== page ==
The Court stage

  1. If the fine is from an unpaid infringement, a court fee (of around $30) is added to the amount
  2. The Court will send you a Notice of Fine saying that you have 28 days to pay your fine
  3. If the fine is unpaid after 28 days, they will contact you by phone to try to arrange payment.
  4. If you have not paid your fine at the end of the 28 day period the Court will add a late payment fee to your fine amount, of around $100. They will also be entitled to take action to get the money (e.g. deductions from your wages) if you do not pay.

If you’ve been fined (or ordered to pay reparations) as a result of breaking the law, the Court can hold you for up to two hours while you complete a Declaration of Financial Capacity. If they determine that you can afford to do so, they can order you to pay the fine (or reparation) immediately.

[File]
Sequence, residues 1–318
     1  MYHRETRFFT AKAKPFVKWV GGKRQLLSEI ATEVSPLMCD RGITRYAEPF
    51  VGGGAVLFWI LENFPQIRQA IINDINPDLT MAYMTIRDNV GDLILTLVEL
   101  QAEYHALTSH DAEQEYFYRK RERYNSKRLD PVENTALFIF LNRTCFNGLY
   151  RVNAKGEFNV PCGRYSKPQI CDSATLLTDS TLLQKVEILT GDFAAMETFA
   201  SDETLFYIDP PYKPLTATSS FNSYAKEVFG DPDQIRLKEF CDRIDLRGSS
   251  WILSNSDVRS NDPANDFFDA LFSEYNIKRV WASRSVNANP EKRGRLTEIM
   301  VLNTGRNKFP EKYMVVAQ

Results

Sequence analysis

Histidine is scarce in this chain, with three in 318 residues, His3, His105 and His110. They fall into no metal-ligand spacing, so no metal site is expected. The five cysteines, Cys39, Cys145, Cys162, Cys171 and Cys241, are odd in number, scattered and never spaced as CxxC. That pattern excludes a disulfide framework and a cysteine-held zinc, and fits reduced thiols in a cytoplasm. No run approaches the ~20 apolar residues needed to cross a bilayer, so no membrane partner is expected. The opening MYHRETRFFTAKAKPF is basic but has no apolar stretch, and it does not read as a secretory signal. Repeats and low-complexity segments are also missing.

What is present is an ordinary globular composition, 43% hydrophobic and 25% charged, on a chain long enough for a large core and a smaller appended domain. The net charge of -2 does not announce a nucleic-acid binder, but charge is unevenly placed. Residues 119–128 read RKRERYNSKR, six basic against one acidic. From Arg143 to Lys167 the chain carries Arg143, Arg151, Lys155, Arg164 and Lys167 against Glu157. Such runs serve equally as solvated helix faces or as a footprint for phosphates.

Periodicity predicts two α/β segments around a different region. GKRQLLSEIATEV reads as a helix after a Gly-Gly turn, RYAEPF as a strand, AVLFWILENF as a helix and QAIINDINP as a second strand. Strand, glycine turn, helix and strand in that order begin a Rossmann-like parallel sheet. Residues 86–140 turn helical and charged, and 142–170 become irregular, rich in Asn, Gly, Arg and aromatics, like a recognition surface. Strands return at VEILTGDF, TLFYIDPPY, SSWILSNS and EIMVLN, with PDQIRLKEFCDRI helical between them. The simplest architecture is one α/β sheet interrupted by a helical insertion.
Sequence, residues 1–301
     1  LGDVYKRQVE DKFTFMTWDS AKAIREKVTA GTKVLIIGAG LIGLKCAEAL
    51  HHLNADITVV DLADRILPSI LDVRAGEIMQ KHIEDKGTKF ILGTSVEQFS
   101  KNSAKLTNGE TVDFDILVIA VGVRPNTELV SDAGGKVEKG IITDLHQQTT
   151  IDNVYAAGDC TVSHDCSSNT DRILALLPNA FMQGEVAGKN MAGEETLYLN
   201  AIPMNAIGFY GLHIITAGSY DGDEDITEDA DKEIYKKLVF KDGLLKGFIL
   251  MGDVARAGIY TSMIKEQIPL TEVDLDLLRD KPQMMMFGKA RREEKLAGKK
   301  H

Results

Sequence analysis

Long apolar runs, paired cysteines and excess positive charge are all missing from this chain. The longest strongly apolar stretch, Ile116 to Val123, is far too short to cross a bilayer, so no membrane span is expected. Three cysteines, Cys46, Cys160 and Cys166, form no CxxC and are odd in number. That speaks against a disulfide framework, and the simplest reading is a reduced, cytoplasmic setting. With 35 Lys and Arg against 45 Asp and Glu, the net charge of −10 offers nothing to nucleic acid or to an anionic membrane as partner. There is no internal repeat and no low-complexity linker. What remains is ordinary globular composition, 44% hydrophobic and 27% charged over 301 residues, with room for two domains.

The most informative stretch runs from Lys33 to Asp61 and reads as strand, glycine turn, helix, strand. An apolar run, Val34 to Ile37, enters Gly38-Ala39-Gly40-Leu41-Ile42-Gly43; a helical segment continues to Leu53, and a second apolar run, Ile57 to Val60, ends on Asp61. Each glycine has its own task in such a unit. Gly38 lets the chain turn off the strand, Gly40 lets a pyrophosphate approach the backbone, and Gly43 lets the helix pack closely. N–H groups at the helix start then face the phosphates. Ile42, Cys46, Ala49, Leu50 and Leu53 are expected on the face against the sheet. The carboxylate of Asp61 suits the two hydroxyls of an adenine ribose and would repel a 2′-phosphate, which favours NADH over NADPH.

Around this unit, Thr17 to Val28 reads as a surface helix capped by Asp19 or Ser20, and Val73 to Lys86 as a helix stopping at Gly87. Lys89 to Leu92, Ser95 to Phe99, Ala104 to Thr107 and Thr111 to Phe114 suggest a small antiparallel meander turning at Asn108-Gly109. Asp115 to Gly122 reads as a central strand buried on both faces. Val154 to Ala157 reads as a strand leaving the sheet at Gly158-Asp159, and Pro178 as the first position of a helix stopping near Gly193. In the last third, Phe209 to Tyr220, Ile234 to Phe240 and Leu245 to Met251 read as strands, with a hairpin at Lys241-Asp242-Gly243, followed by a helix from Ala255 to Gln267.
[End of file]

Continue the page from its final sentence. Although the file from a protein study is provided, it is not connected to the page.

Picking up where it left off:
More about the fines enforcement process is on the govt.nz website.

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Where and how can I pay a fine or infringement?

If you have a Notice of Infringement, it will clearly state how you can pay and the amount you have to pay. This information will also be on the Reminder Notice.

If you have a Notice of Fine from the Court, you can pay it:

You can also pay your fine from overseas.

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What can I do if I can’t afford to pay?